What’s unhealthy is thinking you have ownership over another and acting like it.
And when your partner is manipulative enough, you’ll allow it to happen without even realizing it.
9) They invalidate your feelings
Manipulators don’t like to fight fair.
So when you bring up or express a legitimate concern or emotion amidst an argument, their default move is to downplay and dismiss you.
This in itself is a form of gaslighting.
They’re so cunning they’ll make you feel like a hypersensitive, hormonal lunatic, as they bask in level-headed superiority, free of any culpability.
They might say things like “You’re too sensitive,” or “You’re totally overreacting,” confusing you and making you question your own judgments.
The bottom line is that your feelings matter. A lot.
Don’t let anyone, manipulator or not, tell you otherwise.
10) They use your insecurities against you
It’s a real low blow when the manipulator uses your own weakness against you.
But the thing is much of what they’re saying likely isn’t real (or heavily exaggerated), instead simply being a manipulative ploy to hurt you and gain the upper hand.
Once you realize this, your spirits can no longer easily be dampened.
I remember going through some serious financial issues at the height of the pandemic.
My business was in some major debt, my savings were dwindling rapidly, and my phone was constantly being flooded by angry texts and calls from threatening creditors and suppliers.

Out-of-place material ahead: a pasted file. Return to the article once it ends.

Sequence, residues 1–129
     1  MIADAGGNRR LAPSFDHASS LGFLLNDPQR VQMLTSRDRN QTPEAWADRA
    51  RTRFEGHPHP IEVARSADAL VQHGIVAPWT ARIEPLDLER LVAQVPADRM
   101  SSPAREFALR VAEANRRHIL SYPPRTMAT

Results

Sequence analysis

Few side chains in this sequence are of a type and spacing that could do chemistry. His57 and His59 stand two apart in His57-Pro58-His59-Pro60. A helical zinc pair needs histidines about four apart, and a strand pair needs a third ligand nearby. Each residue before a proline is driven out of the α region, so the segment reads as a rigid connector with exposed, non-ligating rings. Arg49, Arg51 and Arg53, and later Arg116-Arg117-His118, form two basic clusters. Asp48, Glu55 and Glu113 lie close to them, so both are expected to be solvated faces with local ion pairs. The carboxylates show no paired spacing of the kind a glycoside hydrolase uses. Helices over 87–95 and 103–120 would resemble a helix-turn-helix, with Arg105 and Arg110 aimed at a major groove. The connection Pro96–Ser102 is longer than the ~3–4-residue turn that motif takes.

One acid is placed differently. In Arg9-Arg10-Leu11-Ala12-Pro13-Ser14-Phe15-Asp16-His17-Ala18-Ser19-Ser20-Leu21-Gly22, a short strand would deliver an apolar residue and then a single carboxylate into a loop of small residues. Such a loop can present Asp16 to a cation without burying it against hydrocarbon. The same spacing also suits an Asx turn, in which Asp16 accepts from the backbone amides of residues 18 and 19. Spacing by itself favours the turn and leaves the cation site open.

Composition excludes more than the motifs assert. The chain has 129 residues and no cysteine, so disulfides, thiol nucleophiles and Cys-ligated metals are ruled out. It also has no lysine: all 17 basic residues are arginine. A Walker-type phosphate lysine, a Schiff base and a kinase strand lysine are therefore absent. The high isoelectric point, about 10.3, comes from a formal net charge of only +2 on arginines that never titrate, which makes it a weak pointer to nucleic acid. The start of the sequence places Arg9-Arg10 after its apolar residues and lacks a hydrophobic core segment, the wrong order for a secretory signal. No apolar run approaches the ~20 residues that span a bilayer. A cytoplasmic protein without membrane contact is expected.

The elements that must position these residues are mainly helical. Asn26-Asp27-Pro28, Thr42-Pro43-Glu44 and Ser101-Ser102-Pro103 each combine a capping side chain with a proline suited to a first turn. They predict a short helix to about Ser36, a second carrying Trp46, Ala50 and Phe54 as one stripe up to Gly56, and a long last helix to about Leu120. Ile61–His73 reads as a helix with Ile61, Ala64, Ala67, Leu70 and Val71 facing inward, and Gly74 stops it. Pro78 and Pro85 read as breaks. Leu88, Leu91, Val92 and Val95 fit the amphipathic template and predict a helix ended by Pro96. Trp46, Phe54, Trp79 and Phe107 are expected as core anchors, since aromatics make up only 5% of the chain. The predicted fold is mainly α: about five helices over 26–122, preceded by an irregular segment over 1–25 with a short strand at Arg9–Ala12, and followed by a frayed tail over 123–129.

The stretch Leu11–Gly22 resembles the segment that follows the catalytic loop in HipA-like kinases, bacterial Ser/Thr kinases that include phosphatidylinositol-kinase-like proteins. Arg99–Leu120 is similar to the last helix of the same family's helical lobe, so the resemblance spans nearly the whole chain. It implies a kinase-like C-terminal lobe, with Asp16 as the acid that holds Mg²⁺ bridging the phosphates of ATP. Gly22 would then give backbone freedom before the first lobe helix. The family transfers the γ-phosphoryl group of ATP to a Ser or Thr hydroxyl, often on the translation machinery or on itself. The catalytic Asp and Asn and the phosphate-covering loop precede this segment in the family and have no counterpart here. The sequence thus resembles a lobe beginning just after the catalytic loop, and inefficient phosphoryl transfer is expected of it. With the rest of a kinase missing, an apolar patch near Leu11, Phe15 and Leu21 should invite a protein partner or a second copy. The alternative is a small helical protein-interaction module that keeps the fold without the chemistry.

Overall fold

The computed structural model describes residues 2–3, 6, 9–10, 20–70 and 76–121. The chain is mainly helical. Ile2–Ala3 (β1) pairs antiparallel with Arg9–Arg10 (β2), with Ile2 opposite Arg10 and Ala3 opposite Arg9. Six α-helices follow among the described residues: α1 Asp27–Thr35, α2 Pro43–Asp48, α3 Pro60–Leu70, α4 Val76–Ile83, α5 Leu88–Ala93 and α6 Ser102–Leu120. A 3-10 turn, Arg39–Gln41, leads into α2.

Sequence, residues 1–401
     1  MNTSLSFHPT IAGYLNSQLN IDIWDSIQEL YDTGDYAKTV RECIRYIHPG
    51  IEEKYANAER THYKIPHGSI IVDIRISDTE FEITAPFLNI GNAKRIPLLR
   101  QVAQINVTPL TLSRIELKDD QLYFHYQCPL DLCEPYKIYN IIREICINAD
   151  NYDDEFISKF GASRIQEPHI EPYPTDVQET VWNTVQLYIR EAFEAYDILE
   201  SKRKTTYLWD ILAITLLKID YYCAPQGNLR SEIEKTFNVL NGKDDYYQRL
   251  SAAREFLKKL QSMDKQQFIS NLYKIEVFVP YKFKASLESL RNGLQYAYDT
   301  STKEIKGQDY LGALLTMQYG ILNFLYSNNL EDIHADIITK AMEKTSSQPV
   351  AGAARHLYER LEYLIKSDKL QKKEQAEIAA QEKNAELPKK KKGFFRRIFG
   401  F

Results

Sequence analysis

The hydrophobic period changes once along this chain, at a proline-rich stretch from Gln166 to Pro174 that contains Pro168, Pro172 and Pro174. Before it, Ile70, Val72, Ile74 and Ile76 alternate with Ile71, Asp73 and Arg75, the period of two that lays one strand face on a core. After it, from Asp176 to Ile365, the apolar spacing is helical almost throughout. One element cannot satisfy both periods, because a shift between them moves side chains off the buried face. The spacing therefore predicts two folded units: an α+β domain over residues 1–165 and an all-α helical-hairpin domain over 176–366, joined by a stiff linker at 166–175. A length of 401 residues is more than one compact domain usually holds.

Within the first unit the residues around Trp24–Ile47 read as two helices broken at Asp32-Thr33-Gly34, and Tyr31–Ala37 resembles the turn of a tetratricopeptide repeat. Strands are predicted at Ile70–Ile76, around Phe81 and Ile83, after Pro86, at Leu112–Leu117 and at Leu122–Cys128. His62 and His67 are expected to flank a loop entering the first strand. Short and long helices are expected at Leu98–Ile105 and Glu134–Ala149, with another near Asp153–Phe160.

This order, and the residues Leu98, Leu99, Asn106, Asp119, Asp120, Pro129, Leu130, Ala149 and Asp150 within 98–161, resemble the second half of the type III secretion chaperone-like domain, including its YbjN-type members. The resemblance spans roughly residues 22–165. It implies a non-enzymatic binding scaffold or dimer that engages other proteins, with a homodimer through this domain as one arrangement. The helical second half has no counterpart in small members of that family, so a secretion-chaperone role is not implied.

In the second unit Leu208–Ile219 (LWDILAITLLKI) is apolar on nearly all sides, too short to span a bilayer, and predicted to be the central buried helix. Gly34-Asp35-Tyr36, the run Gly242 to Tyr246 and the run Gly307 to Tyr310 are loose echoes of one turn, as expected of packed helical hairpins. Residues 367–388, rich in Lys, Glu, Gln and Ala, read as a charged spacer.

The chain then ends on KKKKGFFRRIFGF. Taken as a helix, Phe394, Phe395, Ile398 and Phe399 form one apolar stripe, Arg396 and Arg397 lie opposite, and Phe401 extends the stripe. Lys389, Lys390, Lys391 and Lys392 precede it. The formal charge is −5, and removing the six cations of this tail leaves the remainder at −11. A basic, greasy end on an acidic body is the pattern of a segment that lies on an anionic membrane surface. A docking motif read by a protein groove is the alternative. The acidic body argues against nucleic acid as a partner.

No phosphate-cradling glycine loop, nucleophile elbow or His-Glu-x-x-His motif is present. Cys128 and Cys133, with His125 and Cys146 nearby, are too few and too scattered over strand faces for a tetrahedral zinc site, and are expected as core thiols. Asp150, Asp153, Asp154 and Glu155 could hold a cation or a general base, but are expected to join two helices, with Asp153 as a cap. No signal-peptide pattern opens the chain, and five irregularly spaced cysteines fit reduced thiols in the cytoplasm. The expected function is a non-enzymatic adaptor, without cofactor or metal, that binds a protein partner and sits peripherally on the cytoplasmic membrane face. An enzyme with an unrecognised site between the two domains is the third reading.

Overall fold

I think it was the most stressful period of my life.
So of course, I’d regularly open up about my troubles to my live-in girlfriend at the time.
For the most part, she was understanding and even occasionally consoling, assuring me that everything would work out.
Eventually, however, finances got so tight, I started asking her to pay a bit more for our shared bills.
This caused some major friction.
We’d get into some pretty heated spats. I remember thinking “We’re that couple now. The one that fights about money.”
I never thought we’d get to that point, but there we were, fiercely duking it out over dividing rent and utilities.
During these fights, she’d say some really hurtful things, calling me “poor” or “bad with money”, citing my past financial mistakes, the exact ones I painstakingly told her about in confidence.
This was a real turning point for me: the fact that she would weaponize some of my most vulnerable admissions was damaging.
At the time, it almost felt like a deal-breaker.
We broke up a few months later for a number of reasons.
But I’d be lying if I told you that her using my insecurities against me, at my lowest point, wasn’t one of them.
The bad news is that manipulative partners are everywhere. So it’s best to be a little cautious.
If you suspect you have a manipulative partner in your life and they’re someone you value, it’s worth making the effort to sit them down and try to talk through your issues.
But if that doesn’t work, or they become defensive at the very notion that fundamental changes need to be made, you owe it to yourself to walk away.
Stop enabling them and let them learn the hard way. A little harsh, yes, but sometimes being firm is necessary.
Life is short, find someone who is compatible with you and your well-being. You owe yourself that much.